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Tops and Bottoms

When moving trees and shrubs, if you interfere with one, leave the other alone

When you’re transplanting a tree or shrub, leave the branches alone. Once upon a time, gardening wisdom advised pruning back the branches to compensate for the roots lost when the plant was dug. I have been convinced for some time that this practice had been laid to rest, until I recently heard a garden expert on the radio recommend it to a listener who had called for advice.
    The science of horticulture has discredited this practice, whether the plant is dug with a root ball or bare-rooted. Here’s why: The hormones that stimulate new roots to grow are produced in the buds on the branches. If you prune away branches, you are reducing the amount of natural-occurring rooting hormones, manufactured by the buds at the ends of the branches, that can be trans-located to the roots.

Look Inside the Pot

When purchasing woody plants grown in containers, remove the container from around the root balls and examine the roots. Roots that are alive are creamy white to yellow. On the other hand, roots that are brown and turning black are a clear indication that the plant was not properly stored and will most likely not survive being transplanted. We have had a mild winter, but the plant could have been shipped from somewhere the winter was much colder.

    If your intent is to control the size of the tree or shrub, first allow the plant to become well established, which takes about a year, before pruning the top. The reason is that the roots produce the gibberrellins and cytokinins essential for stems to grow.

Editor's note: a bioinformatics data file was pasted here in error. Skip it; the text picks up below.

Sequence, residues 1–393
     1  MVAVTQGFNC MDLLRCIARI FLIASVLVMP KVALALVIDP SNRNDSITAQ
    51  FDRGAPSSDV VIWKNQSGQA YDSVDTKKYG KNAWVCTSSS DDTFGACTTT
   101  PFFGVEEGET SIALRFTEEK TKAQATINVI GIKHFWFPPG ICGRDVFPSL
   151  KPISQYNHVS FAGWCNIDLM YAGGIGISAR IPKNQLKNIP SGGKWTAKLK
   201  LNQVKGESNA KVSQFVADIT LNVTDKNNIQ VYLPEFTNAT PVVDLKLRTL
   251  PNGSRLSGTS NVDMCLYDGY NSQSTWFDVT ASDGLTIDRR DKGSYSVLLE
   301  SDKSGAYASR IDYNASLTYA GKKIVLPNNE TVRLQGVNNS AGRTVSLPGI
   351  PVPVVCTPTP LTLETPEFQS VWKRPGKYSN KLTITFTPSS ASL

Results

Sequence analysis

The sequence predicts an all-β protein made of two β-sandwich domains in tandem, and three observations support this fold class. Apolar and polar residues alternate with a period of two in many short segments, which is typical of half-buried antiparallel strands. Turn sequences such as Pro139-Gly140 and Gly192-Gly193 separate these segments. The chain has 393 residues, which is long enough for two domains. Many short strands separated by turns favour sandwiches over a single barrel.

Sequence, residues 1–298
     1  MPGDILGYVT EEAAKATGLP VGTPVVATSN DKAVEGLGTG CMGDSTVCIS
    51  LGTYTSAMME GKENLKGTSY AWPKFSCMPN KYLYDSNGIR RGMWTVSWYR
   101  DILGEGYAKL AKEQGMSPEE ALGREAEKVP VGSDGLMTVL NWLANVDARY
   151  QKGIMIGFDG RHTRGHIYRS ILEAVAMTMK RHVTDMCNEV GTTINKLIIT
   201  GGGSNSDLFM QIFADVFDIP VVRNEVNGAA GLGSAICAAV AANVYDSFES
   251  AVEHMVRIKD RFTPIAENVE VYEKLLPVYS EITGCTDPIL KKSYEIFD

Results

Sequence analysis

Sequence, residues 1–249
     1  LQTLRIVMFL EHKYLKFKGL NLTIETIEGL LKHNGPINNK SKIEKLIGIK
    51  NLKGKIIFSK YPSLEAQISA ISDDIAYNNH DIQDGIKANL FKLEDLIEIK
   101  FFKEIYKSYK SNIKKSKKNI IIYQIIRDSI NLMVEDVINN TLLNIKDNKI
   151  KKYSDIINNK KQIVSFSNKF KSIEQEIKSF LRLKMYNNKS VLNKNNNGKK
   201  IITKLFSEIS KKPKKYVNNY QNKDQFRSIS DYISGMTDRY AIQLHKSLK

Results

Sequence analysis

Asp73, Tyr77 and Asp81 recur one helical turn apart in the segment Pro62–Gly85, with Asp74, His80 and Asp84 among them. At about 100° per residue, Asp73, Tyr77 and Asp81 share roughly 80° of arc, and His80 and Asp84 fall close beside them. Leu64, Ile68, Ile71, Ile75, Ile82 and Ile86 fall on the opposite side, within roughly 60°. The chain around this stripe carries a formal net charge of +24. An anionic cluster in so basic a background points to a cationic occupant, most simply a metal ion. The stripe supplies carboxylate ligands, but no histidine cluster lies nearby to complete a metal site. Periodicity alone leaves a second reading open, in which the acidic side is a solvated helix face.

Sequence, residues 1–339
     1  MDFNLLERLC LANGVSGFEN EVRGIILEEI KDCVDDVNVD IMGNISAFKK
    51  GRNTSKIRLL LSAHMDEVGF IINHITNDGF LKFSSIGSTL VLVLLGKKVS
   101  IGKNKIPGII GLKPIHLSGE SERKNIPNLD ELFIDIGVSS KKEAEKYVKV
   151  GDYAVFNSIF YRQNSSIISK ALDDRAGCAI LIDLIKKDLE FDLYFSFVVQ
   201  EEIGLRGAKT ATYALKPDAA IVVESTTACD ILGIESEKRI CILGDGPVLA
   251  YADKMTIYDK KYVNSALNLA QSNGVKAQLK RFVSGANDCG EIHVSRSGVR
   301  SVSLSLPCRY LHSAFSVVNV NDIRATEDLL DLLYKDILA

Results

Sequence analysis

To be successful in transplanting trees and shrubs, don’t prune the top, and don’t prune the roots at the same time that you are pruning the top.
    This rule does not apply when planting trees or shrubs that have been grown in containers. That’s because all of the plant’s roots are within in the container it grew in.
    When transplanting container-grown plants, make certain that the plants are not root-bound. A root-bound plant is easy to identify by removing the container and examining the root ball. If the root mass is so dense that you cannot see the growing medium in which it is growing, consider the plant root-bound. Should you purchase that plant, take a sharp knife or pruning shears and cut those roots starting from the top to the bottom of the root ball in four or five locations before planting. Otherwise, the plant will not establish and is likely to die in three to five years. If you do cut the roots of a root-bound plant, do not prune the top until the plant is established.

Ask Dr. Gouin your questions at frgouin@erols.com. All questions will appear in Bay Weekly. Please include your name and address.